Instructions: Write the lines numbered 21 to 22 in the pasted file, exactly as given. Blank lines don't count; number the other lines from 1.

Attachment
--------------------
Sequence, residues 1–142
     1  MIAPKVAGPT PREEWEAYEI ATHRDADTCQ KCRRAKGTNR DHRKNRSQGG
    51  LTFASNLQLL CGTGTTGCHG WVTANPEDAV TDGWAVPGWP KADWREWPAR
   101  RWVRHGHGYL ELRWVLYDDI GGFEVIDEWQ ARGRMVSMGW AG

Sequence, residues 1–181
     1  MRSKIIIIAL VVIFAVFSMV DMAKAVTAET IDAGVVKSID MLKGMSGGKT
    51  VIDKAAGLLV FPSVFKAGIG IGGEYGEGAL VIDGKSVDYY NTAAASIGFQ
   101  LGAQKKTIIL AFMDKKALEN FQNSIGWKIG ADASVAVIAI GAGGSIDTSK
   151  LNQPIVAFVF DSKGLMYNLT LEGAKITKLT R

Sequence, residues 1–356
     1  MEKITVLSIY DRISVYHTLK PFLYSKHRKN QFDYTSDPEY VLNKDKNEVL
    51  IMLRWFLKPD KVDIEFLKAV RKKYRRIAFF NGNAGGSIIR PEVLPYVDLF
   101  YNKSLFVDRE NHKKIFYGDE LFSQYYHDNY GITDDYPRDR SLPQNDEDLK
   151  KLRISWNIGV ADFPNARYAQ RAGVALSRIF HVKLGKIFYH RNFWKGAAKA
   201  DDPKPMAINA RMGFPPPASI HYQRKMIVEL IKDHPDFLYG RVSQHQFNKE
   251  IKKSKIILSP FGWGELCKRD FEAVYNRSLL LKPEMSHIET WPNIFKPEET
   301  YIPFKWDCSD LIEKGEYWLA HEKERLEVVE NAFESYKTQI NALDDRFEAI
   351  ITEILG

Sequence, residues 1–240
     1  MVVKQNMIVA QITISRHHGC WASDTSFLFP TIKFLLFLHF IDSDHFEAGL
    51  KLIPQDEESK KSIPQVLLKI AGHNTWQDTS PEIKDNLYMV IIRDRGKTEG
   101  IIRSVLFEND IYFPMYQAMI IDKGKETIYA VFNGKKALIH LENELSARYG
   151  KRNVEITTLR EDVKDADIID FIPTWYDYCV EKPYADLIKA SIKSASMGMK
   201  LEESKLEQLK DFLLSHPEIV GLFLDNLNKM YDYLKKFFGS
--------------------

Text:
    51  KLIPQDEESK KSIPQVLLKI AGHNTWQDTS PEIKDNLYMV IIRDRGKTEG
   101  IIRSVLFEND IYFPMYQAMI IDKGKETIYA VFNGKKALIH LENELSARYG